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Old 28-04-2014, 16:07   #1
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Fried Battery Question

I went down to the boat this afternoon in the marina. I could smell this sort of hydrogen sulfide kind of odor as soon as I got downwind of the engine compartment. I didn't know what it was, exactly. I searched the boat looking for something rotten for a while, then went into the engine compartment. we have four Barracuda brand 12 V105 ah flooded wet cells. Two in each hull, and I can choose either bank or combine them.

I was pretty sure the smell was coming from one of the batteries. It was so hot I could not put my hand on it. The other one felt a little warm, but noting anywhere near hot. And it's sitting end to end with the hot one. All four batts were combined, paralleled, and being charged and maintained by an Outback MPPT 60.

I am assuming that the hot battery and smell means this one has shorted? My question is whether I can just remove it from the circuit and continue with three 105s, in two banks. One battery in one bank ,two in the other?

Or is this a show stopper and I shouldn't do that?

Also, I will never find the same brand battery down here. I will be limited to whatever NAPA sells. Is it okay to put any other 105 ah battery in parallel with the three other identicals from another brand?
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Old 28-04-2014, 16:31   #2
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Re: Fried battery question

Your going to get a lot of different answers, but here is my opinion, take it for what it's worth.
You can continue with three batts in different banks, as long as of course your not 24V.
You can replace the bad batt with a different brand batt, but try to keep capacity the same, best in my opinion to replace all batts at the same time, but not critical. I think I would replace that bank, maybe the other one is damaged too? It's just one other battery, a lot depends on what kind of sailing you have coming up.
I would try to determine why it failed if possible, did it fail, or was it killed?
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Old 28-04-2014, 17:02   #3
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Re: Fried battery question

How do I determine that? Boat was hit by lightning on the way down, fried everything from the VHF on the mast to the alternators. The batteries have been run down to nothing at least twice that I know of since then. The boat has been sitting in the marina since October while I refurb it. Batteries have been seemngly fine, keeping topped up with the solar, for over a month now.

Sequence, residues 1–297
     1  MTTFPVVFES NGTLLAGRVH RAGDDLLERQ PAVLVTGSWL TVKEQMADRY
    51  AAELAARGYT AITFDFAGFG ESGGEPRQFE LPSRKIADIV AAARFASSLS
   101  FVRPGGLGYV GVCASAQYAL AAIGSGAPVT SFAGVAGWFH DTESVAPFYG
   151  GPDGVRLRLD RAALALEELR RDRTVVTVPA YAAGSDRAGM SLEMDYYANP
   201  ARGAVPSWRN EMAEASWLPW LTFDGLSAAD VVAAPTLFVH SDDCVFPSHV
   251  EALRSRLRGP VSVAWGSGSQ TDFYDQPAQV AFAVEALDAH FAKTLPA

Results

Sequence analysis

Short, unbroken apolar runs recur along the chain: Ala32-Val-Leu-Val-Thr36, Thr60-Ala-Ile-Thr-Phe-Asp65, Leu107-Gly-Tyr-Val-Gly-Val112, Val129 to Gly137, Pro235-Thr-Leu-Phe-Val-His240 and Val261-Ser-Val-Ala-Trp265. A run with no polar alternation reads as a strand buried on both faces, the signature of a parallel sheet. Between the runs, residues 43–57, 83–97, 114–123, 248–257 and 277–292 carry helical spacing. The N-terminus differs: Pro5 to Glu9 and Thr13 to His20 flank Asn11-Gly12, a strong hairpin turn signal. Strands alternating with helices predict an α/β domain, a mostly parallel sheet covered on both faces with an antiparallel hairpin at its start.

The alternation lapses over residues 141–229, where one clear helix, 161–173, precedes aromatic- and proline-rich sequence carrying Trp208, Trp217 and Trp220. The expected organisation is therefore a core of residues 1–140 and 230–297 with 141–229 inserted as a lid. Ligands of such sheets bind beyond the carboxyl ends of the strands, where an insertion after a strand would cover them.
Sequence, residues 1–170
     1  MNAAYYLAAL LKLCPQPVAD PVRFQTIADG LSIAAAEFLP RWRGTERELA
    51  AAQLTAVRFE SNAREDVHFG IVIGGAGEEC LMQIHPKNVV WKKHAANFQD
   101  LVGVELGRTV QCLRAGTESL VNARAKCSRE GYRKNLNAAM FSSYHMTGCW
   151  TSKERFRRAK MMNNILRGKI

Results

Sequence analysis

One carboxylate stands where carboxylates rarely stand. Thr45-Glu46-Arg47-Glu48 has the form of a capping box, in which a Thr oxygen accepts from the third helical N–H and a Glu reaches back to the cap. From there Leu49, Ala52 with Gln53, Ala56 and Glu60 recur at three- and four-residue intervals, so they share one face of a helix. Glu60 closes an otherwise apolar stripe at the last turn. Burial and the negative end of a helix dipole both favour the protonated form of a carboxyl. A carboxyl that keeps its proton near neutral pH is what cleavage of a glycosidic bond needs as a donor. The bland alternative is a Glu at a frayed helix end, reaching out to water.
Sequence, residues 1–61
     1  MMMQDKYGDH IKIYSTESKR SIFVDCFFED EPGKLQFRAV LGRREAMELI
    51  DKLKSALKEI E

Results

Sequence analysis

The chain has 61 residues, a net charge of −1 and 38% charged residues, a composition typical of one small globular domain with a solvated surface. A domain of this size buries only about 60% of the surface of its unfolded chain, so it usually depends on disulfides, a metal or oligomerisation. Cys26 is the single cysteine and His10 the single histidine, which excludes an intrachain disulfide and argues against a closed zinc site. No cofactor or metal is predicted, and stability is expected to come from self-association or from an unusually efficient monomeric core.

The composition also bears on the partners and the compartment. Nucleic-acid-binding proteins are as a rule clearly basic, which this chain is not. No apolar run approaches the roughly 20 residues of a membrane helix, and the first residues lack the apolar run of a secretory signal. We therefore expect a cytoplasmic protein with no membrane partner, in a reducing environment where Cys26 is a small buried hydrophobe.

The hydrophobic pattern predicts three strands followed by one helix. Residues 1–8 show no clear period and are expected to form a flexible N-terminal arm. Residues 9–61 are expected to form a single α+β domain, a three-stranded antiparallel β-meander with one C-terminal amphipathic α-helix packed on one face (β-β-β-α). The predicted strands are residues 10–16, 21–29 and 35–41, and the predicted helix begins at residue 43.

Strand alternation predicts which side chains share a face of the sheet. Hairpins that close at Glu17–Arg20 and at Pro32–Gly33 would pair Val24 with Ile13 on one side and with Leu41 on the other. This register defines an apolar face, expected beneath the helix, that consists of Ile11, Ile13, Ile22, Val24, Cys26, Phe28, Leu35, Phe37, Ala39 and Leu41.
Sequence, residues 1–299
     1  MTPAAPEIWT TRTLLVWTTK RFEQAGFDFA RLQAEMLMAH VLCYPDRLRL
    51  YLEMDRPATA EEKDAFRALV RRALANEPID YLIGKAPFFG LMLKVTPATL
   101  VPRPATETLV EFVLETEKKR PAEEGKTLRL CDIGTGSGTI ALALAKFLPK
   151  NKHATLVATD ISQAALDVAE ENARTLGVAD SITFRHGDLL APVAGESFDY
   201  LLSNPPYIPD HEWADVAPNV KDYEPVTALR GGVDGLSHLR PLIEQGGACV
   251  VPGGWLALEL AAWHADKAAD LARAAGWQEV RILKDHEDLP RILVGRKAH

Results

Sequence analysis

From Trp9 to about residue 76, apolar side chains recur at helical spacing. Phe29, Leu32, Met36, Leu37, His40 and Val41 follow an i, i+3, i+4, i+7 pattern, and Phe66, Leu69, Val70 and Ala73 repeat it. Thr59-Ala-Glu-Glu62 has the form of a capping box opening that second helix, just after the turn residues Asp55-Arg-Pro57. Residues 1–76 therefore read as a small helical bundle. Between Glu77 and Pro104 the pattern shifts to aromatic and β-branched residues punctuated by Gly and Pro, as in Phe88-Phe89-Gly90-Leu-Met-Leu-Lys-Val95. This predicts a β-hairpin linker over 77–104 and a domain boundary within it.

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Old 28-04-2014, 17:06   #4
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Re: Fried battery question

Only way I would know how would be to check voltage and current during a charge cycle, but I'm solar stupid, need a smarter person than me to tell you how to do that.
I would replace both batts and "watch it" I would watch battery voltage as I wouldn't know what else to watch
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Old 28-04-2014, 17:10   #5
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Re: Fried battery question

seeing as how they were all connected together in parallel making essentially one big battery, but only one went ballistic, I'd bet lunch on you have one bad battery, if it were a charger issue, shouldn't all of them or none of them have gone?
One question is are the other three fine, or are they just about to go too?
Me, if money or quality of batteries were a concern, I'd replace one bank, two batteries, that way you should know you have one good bank
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Old 28-04-2014, 17:16   #6
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Re: Fried battery question

Yes, they've all four been connected in parallel for the past several months. I have an IOTA 55 amp battery charger, too, but it's been turned off since I got the solar working again. I also installed a Vectron battery monitor about three weeks back. I had noticed that the voltage had dropped down from a normal 14.2 to 13.4 yesterday and 12.8 today. Thats for the entire bank. The gauge said that there was 7 amps going in. I figure that was all getting shorted in that one battery. It was seriously hot. I couldn't hold the back of my hand against it